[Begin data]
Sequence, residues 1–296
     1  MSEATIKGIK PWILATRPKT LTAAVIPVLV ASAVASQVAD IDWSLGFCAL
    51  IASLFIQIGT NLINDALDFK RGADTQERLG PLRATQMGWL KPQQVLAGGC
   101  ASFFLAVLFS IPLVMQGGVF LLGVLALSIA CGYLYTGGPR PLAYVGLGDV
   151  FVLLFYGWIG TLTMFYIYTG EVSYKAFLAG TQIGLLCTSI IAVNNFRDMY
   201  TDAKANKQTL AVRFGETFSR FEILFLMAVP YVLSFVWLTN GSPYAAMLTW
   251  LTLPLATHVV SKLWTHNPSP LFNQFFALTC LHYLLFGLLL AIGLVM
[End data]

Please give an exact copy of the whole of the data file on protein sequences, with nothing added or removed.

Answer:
Sequence, residues 1–296
     1  MSEATIKGIK PWILATRPKT LTAAVIPVLV ASAVASQVAD IDWSLGFCAL
    51  IASLFIQIGT NLINDALDFK RGADTQERLG PLRATQMGWL KPQQVLAGGC
   101  ASFFLAVLFS IPLVMQGGVF LLGVLALSIA CGYLYTGGPR PLAYVGLGDV
   151  FVLLFYGWIG TLTMFYIYTG EVSYKAFLAG TQIGLLCTSI IAVNNFRDMY
   201  TDAKANKQTL AVRFGETFSR FEILFLMAVP YVLSFVWLTN GSPYAAMLTW
   251  LTLPLATHVV SKLWTHNPSP LFNQFFALTC LHYLLFGLLL AIGLVM